Problem: Jess is Chief of a rural volunteer fire department (where the majority of calls are wild, grass and brush fires not structures). When a wildfire initiates, mutual assistance (units and manpower from adjacent fire districts) is generally called quickly in order to contain the fire. Jess's district contains 200 square miles so mutual assistance fire districts may be responding in unfamiliar territory. A grass fire called in at 2:00AM receives a response from five fire districts with a combined ten brush trucks and two tankers. They begin working a 240 acre fire containing six outbuildings, two trailer houses, one permanent home, one oil tank battery and two ponds. Jess is responsible for organizing each of the units (truck or tanker) on the fire and communicating with them by radio directing their efforts. Jess has limited knowledge where the units are working, how many are covering each building or if the units have responded to his requested movements. Each unit from an external district is driven by someone with no previous knowledge of the layout of roads, dead ends, fences, structures or water sources. Drivers often get lost on their way to fires outside of their district or stuck on dead end roads. During the rainy season, trucks often get stuck in dangerous locations and need extraction assistance quickly. Location and coordination data is critical but scarce.
Solution: Since the rural fire departments receive text messages from the 911 service that include fire location, time and date, each unit (truck or tanker) will contain a mounted Android. Jess' command vehicle will contain an Android tablet that receives the text message just like the firefighters. The text message location is plotted on the google map. Upon arriving at the station and entering the unit, the location of the fire and the location of the current unit is visible on the map to assist in navigation.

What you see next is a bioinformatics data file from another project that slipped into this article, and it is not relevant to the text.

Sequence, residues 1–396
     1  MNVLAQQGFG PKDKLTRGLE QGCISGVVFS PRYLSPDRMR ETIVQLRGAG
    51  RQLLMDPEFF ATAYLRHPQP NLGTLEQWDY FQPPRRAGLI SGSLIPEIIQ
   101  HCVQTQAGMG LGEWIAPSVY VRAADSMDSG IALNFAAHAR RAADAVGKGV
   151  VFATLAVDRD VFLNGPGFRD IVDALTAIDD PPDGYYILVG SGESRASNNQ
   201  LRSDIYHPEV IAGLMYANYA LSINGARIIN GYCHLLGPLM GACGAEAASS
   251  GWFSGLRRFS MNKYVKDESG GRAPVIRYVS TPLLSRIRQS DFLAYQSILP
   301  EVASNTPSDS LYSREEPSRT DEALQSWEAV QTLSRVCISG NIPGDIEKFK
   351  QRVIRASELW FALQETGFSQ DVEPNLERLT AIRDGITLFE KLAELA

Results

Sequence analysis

Upon reaching the fire, each unit (truck or tanker) becomes visible on Jess' Android tablet through Latitude as they enter his map. Each fire department would previously choose a different icon for department and each unit name would appear beside it so that units can be referenced by radio traffic (example, "come in Stroud brush2 this is command"). Jess is able to look at the Android tablet as a living map with a satellite photo. Jess is able to use the radio (or the application alone) to manipulate the location and direction of each unit responding. He is able to zoom in or out to find new routes to the fire, new structure issues or water locations for refill. Each fire unit moving on the map is updated on Jess' Pad often. Throughout the Incident every unit is tracked until they return to the firehouse.
Track readiness prior to a call by gathering GPS coordinates for Responders; allow Responders to communicate whether they are responding via voice, web or SMS; track Responder and Apparatus progress to the Incident; provide Responder with Google Maps directions and text-to-speech updates en route; track Responders throughout Incident as they enter/exit hazardous areas defined by Command;
Existing Google App Engine written in Java.
Existing functionality which Android application can access through URLs includes Alerts, Directions, Location and Task Assignment, Estimated Time of Arrival given two sets of coordinates, Administration for all objects e.g. Organization, Members, Locations, Statuses, etc...
Android app should eliminate the need for web-connectivity by using text messaging as the primary communications protocol.
How will this work be taken to real users, or further developed? Will this be an ongoing team? Is there a NGO/group that's sponsoring it as an ongoing project? Who/how/when?
Arlington Fire department in Arlington Oklahoma and Lincoln County Oklahoma would be willing to prove and use this application in a proof of concept.